Despite the disruptions caused by the pandemic, on Friday, May 1, 2020, the Hostos Community College Nursing Department announced an early graduating cohort of 23 registered nurses.   

Kathleen Ronca, Hostos professor and coordinator of the College’s R.N. program, points out the extra distance this cohort has traveled:  “Our students are working full time, have families of their own, and have been dealing with COVID-19 themselves, or taking care of family members with COVID-19. Despite these obstacles, they managed to meet all requirements for graduation a month early.”  

Esther Samudio is one of the 23 students. The first member of her family to attend college, her parents are from Mexico; born in Queens and raised in Harlem, she currently lives in the Bronx with her husband.  

Samudio held four jobs in Manhattan’s Upper East Side to pay for her tuition:  she worked at an Equinox gym, a smoothie bar and a taqueria, as well as being a dog walker. She could walk from job to job, which simplified things a great deal, and the ride in from the Bronx wasn’t a long or difficult one. “It was very hard to have all those jobs and study,” she says, “but at least I didn’t have a long commute, and I live near Hostos, so I walk a lot.”   

She finished with a 3.3 GPA, although she wishes it would have been higher. “But what I’m proudest of is – no one can take this degree away from me. It was tough, but it was worth it.”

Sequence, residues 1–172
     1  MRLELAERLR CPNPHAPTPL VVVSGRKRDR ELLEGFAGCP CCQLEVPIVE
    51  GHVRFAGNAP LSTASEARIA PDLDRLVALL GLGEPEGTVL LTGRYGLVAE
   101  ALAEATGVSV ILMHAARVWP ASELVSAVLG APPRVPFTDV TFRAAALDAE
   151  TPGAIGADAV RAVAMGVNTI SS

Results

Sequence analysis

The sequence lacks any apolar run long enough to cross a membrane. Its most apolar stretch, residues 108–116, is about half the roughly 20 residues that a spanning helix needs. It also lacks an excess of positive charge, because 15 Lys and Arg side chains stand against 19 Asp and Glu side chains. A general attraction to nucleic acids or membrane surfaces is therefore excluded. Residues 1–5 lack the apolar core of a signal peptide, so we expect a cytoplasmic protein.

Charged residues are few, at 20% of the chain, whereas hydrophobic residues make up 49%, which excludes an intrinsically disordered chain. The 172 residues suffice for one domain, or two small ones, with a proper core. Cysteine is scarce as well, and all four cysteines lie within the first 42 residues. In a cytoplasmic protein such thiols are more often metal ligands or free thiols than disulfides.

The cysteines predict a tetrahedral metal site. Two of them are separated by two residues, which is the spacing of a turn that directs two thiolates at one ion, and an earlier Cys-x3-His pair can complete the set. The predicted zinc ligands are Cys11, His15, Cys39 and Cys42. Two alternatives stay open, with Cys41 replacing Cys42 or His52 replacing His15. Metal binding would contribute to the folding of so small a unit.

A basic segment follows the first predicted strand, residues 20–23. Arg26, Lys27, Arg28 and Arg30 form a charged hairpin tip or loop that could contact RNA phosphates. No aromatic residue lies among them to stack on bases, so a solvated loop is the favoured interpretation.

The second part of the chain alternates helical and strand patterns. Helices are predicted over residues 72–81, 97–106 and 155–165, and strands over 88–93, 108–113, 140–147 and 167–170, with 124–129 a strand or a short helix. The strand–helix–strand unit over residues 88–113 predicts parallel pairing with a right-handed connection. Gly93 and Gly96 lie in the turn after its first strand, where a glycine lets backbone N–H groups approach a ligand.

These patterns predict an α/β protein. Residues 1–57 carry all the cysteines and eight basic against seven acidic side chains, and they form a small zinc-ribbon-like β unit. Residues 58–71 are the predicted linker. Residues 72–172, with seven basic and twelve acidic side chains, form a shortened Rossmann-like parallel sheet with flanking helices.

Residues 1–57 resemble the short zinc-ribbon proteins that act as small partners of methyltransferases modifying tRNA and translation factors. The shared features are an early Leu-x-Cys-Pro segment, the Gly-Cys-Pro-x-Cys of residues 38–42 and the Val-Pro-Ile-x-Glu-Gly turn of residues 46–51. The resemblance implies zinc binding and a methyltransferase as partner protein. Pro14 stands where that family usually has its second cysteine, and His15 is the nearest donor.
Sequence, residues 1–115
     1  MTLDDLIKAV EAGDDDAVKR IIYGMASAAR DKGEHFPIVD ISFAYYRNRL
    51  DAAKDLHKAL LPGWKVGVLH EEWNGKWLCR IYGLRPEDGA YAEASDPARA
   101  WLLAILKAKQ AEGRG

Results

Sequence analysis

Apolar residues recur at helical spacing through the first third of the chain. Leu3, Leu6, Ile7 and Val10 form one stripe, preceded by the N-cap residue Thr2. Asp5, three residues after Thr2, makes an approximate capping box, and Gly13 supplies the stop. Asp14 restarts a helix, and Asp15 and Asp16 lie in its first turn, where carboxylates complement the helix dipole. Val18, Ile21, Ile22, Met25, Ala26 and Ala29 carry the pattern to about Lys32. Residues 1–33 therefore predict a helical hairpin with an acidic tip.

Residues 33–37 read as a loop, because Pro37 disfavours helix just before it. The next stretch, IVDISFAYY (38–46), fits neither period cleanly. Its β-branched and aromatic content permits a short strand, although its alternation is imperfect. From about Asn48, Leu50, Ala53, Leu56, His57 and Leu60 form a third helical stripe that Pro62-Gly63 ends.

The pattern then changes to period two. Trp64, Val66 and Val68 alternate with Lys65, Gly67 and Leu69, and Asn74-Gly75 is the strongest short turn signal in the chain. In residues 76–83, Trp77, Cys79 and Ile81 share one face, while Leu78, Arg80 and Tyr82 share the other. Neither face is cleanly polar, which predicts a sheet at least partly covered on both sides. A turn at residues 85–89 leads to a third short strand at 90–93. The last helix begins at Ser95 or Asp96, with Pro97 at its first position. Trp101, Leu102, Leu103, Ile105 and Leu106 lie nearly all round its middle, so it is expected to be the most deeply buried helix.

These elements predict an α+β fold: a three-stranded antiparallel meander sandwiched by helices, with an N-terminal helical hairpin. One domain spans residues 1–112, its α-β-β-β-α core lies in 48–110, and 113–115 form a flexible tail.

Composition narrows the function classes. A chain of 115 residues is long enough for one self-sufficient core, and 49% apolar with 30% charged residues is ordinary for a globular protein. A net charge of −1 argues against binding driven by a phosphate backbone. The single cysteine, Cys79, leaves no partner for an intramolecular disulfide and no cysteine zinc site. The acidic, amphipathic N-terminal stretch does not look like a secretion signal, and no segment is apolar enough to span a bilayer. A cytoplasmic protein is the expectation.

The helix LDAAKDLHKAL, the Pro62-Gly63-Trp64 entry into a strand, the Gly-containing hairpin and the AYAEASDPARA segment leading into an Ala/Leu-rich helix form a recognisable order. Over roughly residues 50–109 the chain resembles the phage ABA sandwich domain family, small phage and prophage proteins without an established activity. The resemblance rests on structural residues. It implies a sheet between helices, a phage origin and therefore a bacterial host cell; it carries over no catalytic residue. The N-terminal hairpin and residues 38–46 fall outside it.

Cindy Walker went back to school after many years of working odd jobs. Even though she had established and run a cleaning business, Walker realized she wanted more out of life. "I got my GED through Hostos, and then I enrolled. It’s been eight years since I began this journey.” Walker reflected on her nursing degree: “I like caring for people. In a funny way, cleaning houses is about caring, but I’m going to keep on studying now. That’s what I want.”   

Samudio is actively applying to hospitals so she can continue to work and study. Cindy Walker is looking at baccalaureate programs and anticipates working and studying toward a 4-year degree..  

Samudio and Walker proudly join a group of nurses who have triumphed over challenging circumstances on and off campus. Nursing program Co-coordinator Ed King says, “None of them failed their standardized tests. Furthermore, each student completed a comprehensive Infection Control Module developed in response to this pandemic. The students’ clinical education, even though interrupted by the pandemic, was completed with on-line training that is quantitative and complete in assessing the health needs of a client. I am very proud of these graduates who undertook extra work in order to graduate early. There is a saying in the Marine Corps: ‘Individuals are measured not only by their strength but by their honor.’ These graduates are second to none.” ​